I cooked pasta for dinner tonight, and it got me thinking about all the tips and tricks I use to cook perfect pasta. Keep reading to learn how you can do the same.
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At its core, Italian cooking is really simple. It’s all about using quality ingredients and learning how to honor those ingredients by using the proper techniques that allow the food to shine and be the star of the meal. Cooking perfect pasta isn’t complicated.
- Choosing the Right Size Pot
The most important tip is selecting the correct size pot for cooking your pasta. You need to cook pasta in A LOT of water because it is really going to expand, maybe even double in size, as it cooks.
For every pound of pasta, you should cook it in 4 quarts of water — but ideally it’s 6 quarts. I use an 8 quart stock pot.
It might seem excessive, but that amount of boiling water will help the pasta move around freely — which will prevent the pasta from sticking or clumping together.
You DO NOT need to use oil when cooking pasta. Adding oil will actually prevent the sauce from sticking to the pasta.
- Salt the Cooking Water
SALT.THE.COOKING.WATER. This is not a negotiable step. The water should taste as salty as the sea.
This is the only chance you have to season the pasta itself. You want to use at least 1 tablespoon of salt per every 4 quarts of water.
- Submerge and Stir
As soon as you add the pasta to the pot, try to submerge it in the water as quickly as possible — especially if you’re cooking long, ribbon-cut noodles like spaghetti or pappardelle.
You also want to get the pasta moving as quickly as you can. The surface of the pasta is coated with a sticky, glue-like starch so it will stick and cook together if you don’t stir the pasta within the first few minutes. You’ll also want to stir it every few minutes.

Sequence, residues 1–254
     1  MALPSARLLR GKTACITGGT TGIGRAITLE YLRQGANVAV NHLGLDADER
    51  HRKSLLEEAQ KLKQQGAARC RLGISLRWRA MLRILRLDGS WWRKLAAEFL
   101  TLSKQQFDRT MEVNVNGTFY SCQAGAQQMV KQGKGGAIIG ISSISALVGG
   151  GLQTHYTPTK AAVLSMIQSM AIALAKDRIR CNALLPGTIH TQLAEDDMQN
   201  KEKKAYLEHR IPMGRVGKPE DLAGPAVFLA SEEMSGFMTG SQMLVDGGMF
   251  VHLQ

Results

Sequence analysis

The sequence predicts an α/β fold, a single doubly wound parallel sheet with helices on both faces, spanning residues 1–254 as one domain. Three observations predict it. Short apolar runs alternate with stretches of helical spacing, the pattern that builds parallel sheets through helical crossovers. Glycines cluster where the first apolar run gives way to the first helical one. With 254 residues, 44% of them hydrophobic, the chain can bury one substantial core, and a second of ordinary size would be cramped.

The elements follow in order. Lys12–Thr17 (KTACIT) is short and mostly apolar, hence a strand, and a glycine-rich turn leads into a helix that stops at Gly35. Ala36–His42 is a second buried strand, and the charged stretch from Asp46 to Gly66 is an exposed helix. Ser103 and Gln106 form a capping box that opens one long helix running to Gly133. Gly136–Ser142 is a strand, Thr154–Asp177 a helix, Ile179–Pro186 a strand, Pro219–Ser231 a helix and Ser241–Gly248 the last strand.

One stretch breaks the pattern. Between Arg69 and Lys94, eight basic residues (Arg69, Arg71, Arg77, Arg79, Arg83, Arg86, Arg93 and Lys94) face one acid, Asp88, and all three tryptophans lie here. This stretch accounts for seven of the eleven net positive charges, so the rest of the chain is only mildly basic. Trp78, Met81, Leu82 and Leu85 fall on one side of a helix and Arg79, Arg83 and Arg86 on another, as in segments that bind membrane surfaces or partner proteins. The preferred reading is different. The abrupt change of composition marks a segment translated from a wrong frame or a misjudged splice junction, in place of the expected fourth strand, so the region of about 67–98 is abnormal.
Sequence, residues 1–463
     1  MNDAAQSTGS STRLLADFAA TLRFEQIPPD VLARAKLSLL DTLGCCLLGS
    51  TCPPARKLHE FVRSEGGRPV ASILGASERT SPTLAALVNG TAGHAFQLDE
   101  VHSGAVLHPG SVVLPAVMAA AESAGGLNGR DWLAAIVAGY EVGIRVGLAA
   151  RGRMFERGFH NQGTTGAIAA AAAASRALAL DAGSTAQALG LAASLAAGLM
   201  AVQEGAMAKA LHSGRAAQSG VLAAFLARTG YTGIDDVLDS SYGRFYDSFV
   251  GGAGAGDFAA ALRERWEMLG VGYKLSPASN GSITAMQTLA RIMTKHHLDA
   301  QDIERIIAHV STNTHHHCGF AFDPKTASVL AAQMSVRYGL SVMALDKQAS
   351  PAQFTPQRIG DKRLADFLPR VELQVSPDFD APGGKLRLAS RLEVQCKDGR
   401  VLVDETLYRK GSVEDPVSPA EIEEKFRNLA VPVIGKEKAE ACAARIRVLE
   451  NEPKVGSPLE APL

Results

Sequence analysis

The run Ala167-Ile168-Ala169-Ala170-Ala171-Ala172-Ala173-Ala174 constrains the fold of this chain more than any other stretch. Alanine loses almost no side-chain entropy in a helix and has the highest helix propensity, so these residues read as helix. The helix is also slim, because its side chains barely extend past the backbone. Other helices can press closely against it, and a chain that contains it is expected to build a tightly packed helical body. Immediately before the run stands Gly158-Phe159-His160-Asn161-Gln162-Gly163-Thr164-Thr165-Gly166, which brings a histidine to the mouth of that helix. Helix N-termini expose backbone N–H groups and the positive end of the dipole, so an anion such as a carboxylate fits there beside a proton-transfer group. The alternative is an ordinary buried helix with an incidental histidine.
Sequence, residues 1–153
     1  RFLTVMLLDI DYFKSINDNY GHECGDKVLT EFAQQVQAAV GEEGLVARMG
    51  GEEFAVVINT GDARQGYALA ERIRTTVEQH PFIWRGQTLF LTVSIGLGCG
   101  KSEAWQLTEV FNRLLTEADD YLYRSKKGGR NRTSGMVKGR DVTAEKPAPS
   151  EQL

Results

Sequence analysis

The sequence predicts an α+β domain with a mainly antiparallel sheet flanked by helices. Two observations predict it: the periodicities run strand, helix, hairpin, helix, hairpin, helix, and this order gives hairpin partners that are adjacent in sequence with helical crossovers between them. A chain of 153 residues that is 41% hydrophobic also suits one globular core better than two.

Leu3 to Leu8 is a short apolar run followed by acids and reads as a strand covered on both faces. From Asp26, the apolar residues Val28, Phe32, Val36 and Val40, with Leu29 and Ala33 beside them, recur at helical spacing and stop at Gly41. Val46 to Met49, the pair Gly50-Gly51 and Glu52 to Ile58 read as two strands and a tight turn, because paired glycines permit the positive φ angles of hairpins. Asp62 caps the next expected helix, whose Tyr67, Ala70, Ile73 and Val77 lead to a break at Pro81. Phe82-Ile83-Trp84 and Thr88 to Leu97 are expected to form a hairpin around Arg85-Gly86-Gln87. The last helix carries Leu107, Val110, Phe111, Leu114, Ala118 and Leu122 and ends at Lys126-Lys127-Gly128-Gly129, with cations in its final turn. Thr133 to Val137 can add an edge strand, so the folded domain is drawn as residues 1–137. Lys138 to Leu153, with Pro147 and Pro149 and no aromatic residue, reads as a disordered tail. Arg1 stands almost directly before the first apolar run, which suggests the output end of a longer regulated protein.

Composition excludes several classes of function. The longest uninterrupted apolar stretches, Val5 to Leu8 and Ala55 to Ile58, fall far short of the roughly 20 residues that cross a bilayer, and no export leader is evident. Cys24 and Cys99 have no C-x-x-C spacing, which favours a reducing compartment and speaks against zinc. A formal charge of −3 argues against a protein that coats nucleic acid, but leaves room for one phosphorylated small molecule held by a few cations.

- The Taste Test
Are you always undercooking or overcooking your pasta? Well, there’s a simple solution to your problem. Usually, the box or package will list a cook time within a small range of time — like between 8-10 minutes. Use those instructions as a guide (not a rule)!
Don’t blindly follow the back of the box. Instead, taste your pasta two minutes before the box says the pasta will be cooked.
For example, if I was cooking penne pasta and the box said it would be fully cooked after 10-12 minutes, I would taste the pasta after 8 minutes. After the taste taste, I would make a decision to keep cooking or to drain it.
Traditionalists will insist that pasta should be cooked to al dente, which literally means “to the tooth.” The idea is to cook the pasta so that it has a little bit of a bite to it.
The pasta shouldn’t be too hard or overly soft. It should be somewhere in between the two extremes. It should resist just enough and have a springy bounce to it. It’s all about balance.
- Let’s Get Saucy
After the pasta is cooked to al dente, it’s time for a marriage — of pasta and sauce. Toss ALL of the pasta with ALL of the sauce.
Nothing makes me crazier than when someone serves a ladle of tomato sauce on top of a pile of spaghetti! That is not it works. Here’s an example of what not to do:
A great pasta dish is characterized by how the pasta and sauce interact with each other. They should become one single meal, not two separate components sitting on a plate.
The secret? Adding 1 or 2 cups of the leftover starchy cooking water to the sauce! The starchy water helps bind everything together. It’s like magic.
Even better, if you throw a little cheese into the mix. And who wouldn’t want some cheese with their pasta?!
For logistics sake, this is why I don’t recommend draining your pasta into a colander over the sink. I like to scoop the pasta out of the water with a hand-held strainer/skimmer or I’ll use a large steamer basket that fits inside of the pot.
After everything is combined (the pasta, sauce, cheese, and herbs), I like to let everybody hang out for a minute or two before I serve it, so they can all get to know each other and blend together. Buon Appetito!
Bonus Perfect Pasta Tips:
- Always bring the water up to a full, rolling boil.
- Put a lid on the pot to bring it to a boil faster, but be sure to remove it after you’ve added the pasta.
- Don’t ever rinse your pasta, unless you’re putting in a cold pasta salad.
- Time the cooking of your sauce so that it’s finished cooking before the pasta is done.
- Fresh pasta cooks in only 2-4 minutes. After you’ve mastered the dried version, try challenging your skills by cooking the fresh stuff!
- Filled pasta like ravioli or tortellini float when they’re fully cooked.